Where did I hear of Penelope Fitzgerald? I can’t remember, but I believe I read about her recently.
It’s a subtle feeling, one I can’t substantiate. I could, I suppose, spend hours paging through my precarious stacks of magazines. There’s also the finger-snapping quickness of the Internet—which informs me that some 30 New Yorker articles in the past couple decades have made mention of her. None of these, however, jog my memory.
Perhaps this is fitting, as Penelope Fitzgerald is a writer of subtlety, who has herself, as an author, tended to fly under the radar. But she’s far from an unknown: even, apparently, to me. So when I was recently browsing through a little bookshop, and noticed a little book called The Bookshop by Penelope Fitzgerald—I snatched it up.
The Bookshop is about an unassuming woman who opens up a bookshop in a remote corner of England. The novel was shortlisted for the Booker Prize, and rightly so. The following passage, which ends a chapter, is a good example of the subtlety of Fitzgerald’s writing:
“She herself was going to take the ferry across the Laze, as it was early-closing day, to deliver thirty Complete Wild Flower Recognition Handbooks to the Women’s Institute. Remembering this, she took the top book off the crisp pile and looked through the illustrations for the green marsh plant which Raven had shown to her. It was not mentioned.”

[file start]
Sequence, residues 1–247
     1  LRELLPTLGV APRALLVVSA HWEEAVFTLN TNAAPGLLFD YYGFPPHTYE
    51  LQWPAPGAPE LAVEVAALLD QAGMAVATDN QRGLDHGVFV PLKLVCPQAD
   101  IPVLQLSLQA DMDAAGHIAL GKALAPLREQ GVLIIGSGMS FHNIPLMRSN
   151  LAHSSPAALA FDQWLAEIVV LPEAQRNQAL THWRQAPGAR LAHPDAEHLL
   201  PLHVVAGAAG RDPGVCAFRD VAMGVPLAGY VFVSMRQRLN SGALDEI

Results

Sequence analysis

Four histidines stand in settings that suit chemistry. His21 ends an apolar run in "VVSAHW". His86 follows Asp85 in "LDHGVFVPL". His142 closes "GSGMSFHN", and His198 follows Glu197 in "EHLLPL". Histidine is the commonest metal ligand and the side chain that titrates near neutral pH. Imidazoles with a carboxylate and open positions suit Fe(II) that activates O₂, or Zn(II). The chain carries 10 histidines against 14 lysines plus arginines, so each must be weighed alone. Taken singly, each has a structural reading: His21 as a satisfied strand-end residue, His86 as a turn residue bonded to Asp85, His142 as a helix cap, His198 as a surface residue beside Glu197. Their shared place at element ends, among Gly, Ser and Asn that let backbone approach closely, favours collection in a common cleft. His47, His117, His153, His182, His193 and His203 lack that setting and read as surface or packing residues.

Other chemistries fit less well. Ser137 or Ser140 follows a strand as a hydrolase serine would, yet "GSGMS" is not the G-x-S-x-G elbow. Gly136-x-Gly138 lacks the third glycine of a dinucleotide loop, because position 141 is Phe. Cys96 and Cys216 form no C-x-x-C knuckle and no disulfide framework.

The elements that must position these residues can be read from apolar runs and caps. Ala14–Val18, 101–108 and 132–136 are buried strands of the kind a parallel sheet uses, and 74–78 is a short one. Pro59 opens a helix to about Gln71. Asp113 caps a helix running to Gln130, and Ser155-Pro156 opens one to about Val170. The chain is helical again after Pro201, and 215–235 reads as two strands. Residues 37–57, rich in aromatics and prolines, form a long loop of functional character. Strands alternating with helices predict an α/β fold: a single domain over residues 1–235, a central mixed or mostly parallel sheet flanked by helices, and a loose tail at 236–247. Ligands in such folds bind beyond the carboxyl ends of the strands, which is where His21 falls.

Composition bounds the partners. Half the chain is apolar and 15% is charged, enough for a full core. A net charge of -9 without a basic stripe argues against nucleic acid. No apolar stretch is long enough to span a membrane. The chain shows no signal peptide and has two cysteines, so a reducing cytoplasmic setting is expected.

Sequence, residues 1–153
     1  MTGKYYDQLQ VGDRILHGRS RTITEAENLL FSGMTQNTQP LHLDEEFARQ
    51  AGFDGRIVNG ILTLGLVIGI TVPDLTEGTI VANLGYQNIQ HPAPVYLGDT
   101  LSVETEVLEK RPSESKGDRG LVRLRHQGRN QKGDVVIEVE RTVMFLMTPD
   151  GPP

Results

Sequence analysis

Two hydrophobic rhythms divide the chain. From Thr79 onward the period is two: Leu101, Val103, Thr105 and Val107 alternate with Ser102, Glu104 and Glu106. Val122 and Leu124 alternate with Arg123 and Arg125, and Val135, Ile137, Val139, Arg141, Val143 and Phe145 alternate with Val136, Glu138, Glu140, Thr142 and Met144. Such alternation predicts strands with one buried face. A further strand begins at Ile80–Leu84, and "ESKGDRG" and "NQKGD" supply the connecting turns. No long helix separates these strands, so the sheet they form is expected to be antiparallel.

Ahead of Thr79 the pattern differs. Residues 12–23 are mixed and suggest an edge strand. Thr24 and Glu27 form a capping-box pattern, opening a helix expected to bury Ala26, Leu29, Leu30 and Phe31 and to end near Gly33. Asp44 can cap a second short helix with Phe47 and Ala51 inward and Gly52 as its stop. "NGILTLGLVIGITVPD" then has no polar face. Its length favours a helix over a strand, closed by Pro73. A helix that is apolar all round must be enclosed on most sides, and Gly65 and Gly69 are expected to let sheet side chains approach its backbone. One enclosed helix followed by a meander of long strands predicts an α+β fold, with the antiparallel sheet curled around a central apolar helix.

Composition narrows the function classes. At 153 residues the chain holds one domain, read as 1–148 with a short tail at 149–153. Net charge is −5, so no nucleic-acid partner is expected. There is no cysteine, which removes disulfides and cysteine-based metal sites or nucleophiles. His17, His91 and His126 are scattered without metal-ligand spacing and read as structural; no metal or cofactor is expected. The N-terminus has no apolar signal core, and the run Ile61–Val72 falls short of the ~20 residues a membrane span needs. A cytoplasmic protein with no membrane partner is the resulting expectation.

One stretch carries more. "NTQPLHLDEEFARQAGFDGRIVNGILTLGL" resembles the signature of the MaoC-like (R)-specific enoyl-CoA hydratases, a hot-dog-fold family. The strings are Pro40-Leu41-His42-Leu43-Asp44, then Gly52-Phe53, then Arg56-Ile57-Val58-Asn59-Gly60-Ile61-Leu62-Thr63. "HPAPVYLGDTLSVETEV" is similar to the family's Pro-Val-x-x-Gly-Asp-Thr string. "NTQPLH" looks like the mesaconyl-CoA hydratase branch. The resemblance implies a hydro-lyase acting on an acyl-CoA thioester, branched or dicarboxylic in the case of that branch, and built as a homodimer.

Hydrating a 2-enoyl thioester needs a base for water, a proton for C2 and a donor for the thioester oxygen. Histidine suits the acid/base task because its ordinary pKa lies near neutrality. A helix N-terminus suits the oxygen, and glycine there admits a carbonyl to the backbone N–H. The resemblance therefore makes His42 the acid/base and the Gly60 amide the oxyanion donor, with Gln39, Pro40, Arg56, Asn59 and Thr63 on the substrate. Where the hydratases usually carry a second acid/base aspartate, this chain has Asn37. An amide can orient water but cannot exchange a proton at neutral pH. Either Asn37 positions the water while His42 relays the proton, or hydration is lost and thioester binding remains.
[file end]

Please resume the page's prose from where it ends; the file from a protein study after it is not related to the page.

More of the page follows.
Ah! So delicate, this passage. But why was the green marsh plant—the one plant, of all the plants on earth, most meaningful to the protagonist, as it was shown to her by a true friend, of which she had very few—not mentioned in the “complete” guide?
Perhaps the green marsh plant was not scientifically classified as a wildflower. Or perhaps the plant’s omission from the book was an error. But this is beside the point. The point is more filamentary. It has to do with the overlooked, the missing, the forgotten phenomena of the world.
What, after all, is the value of minute remembrance? What is the value of the overlooked, all those who are ignored by the public at large? What, indeed, is the value of books and magazines, when they never seem to contain what you’re really looking for?